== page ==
The Latest: Ex-Sen. Ken Salazar opposes planned oil-gas rule
DENVER (AP) — The Latest on a proposal to overhaul Colorado oil and gas regulations to focus on human health and safety (all times local):
Colorado Democrat Ken Salazar, a former U.S. senator and interior secretary, says a proposed overhaul of the state’s oil and gas regulations would give too much authority to local governments and could effectively ban drilling in some areas.
Salazar said Wednesday he understands the need to reform the rules, especially on health and safety. But he says a bill currently before the Legislature gives “unfettered” power to local government to limit the location of new wells.
In a written statement, Salazar said energy independence is important to U.S. national security, and Colorado’s oil, gas and renewable energy contribute to that.
Salazar was a U.S. senator from 2005 to 2009 and interior secretary under President Barack Obama from 2009 to 2013. He’s now an attorney in private practice in Denver and works for oil, gas and renewable energy companies.
Nearly 190 witnesses have weighed in on a proposal before the Colorado Legislature to overhaul the state’s oil and gas regulations to focus on human health and safety.
Legislative staffers say 101 people testified in favor of the change and 86 opposed it during a 12-hour hearing before the Senate Transportation and Energy Committee. The hearing ended early Wednesday.
The committee approved the bill by 4-3 on a party-line vote. The next stop is a hearing before the Senate Finance Committee on Thursday.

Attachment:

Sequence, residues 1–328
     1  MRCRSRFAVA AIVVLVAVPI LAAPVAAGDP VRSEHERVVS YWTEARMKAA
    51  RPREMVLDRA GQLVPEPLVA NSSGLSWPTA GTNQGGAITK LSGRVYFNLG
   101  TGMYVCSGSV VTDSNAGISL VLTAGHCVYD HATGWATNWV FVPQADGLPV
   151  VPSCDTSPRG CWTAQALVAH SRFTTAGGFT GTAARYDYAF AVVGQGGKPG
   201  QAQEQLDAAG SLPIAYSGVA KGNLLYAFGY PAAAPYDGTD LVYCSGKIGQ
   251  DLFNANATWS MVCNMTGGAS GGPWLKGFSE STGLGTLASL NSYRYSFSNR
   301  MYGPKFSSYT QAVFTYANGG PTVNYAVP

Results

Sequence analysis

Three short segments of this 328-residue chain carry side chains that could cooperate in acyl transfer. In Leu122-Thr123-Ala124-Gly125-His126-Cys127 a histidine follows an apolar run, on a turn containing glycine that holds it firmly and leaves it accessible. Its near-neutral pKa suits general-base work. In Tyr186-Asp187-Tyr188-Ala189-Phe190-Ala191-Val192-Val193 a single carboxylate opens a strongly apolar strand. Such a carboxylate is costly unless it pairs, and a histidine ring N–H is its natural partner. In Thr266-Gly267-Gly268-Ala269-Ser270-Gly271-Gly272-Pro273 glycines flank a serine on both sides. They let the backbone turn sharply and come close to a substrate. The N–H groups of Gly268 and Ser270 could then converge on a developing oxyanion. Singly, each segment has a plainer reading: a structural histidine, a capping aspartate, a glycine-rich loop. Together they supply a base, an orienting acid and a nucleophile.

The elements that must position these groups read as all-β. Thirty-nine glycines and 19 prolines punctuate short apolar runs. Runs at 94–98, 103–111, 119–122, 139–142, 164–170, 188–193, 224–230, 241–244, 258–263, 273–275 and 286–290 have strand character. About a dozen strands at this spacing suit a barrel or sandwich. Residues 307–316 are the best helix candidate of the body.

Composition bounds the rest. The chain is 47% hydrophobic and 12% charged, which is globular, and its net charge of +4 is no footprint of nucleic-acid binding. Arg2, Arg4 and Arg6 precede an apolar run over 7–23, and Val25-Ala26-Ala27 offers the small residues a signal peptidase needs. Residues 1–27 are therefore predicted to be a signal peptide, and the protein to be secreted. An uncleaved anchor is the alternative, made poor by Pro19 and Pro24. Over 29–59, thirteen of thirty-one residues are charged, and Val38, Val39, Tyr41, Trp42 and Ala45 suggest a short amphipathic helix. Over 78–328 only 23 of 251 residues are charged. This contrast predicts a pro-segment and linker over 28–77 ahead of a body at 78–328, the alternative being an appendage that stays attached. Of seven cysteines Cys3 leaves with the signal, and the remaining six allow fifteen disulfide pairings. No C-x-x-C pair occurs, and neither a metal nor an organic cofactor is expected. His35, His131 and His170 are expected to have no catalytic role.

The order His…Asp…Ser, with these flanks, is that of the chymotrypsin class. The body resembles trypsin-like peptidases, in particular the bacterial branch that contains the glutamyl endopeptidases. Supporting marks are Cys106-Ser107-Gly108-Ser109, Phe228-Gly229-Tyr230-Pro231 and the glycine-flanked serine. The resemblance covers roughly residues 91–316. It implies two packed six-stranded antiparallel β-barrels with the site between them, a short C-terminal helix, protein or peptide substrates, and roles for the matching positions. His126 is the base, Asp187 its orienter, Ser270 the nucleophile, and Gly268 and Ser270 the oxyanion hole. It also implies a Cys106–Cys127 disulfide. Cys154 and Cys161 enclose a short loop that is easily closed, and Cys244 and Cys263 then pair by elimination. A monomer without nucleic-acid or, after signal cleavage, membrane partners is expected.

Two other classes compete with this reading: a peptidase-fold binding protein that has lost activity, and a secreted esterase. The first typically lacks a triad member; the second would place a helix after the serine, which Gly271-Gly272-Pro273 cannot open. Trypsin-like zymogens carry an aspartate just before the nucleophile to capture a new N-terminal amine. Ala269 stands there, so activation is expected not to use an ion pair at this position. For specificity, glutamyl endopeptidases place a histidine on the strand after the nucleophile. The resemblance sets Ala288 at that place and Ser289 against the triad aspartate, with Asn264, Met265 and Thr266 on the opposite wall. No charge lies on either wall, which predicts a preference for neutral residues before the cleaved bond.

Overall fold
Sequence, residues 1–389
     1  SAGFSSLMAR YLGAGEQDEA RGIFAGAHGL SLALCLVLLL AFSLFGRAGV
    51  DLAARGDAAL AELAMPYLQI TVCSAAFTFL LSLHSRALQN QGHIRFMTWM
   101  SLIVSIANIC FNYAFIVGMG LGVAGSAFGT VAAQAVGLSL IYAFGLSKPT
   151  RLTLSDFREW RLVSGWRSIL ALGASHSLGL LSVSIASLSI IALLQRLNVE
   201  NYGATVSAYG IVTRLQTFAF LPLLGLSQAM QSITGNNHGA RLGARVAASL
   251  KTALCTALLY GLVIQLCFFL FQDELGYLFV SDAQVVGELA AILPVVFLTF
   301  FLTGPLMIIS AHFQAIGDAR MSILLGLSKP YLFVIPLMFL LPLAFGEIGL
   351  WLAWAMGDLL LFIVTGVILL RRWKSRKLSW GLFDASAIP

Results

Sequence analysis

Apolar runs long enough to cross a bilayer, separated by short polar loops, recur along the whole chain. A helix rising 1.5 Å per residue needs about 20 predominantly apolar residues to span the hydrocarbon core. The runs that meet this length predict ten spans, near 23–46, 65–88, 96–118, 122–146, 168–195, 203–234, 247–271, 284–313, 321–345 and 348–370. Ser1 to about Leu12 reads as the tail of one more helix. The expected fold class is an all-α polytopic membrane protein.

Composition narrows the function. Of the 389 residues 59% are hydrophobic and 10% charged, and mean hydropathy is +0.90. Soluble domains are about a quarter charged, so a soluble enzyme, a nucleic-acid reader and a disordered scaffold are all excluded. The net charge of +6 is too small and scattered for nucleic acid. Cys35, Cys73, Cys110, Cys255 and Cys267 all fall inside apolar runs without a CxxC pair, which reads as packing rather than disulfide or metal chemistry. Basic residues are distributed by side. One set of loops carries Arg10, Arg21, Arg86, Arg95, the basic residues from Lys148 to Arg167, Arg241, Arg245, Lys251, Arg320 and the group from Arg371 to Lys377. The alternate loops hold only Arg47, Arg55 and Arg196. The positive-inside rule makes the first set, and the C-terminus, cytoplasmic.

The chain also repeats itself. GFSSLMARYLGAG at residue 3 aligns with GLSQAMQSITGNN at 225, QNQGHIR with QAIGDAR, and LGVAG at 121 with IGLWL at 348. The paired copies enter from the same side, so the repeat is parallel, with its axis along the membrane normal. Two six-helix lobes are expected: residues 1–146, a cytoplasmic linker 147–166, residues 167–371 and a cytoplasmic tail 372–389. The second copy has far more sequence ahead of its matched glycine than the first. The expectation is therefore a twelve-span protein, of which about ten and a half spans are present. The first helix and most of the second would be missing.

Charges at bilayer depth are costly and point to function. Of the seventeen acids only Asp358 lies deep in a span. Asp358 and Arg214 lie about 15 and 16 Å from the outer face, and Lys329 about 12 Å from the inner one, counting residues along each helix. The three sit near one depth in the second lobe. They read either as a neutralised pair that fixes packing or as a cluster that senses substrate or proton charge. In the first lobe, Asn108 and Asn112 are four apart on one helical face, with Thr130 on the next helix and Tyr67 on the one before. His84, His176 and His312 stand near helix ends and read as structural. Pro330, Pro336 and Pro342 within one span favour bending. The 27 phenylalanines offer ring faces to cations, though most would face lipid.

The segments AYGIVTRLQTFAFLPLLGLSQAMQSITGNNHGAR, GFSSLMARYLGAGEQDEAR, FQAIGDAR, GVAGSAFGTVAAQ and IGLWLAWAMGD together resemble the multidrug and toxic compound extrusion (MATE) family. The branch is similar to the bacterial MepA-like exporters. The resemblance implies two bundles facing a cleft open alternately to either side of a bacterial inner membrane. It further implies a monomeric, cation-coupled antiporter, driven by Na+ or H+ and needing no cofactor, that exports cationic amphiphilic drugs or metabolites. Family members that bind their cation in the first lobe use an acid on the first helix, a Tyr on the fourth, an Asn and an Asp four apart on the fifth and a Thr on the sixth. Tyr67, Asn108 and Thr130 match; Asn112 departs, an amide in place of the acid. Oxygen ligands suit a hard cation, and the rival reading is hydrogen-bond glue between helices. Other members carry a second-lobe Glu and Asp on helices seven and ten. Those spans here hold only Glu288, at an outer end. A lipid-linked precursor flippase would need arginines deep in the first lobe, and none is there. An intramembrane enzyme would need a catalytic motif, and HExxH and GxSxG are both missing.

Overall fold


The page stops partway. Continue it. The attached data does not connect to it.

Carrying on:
The bill would also give local governments the option of regulating the location of new wells.
Backers say it’s a common-sense approach to dealing with frequent conflicts over health and safety. Opponents say it could lead to a virtual ban on drilling in some areas and cost jobs.
A Colorado Senate committee has advanced a bill that would overhaul oil and gas regulations to give local governments more authority over industry operations.
The Senate Transportation and Energy Committee voted 4-3 early Wednesday to send the bill to the chamber’s Finance Committee.
Democratic Senate Majority Leader Stephen Fenberg, a bill co-sponsor, says it’s a common-sense approach to dealing with frequent conflicts over health and safety.
Opponents say it could lead to a virtual ban on drilling in some areas and cost jobs.
Drilling sparks frequent political battles, especially in fast-growing communities north of Denver, which overlap the rich Wattenberg oil and gas field.
The proposal would charge the Colorado Oil and Gas Conservation Commission, which regulates the industry, with protecting people and the environment first, not promoting energy production.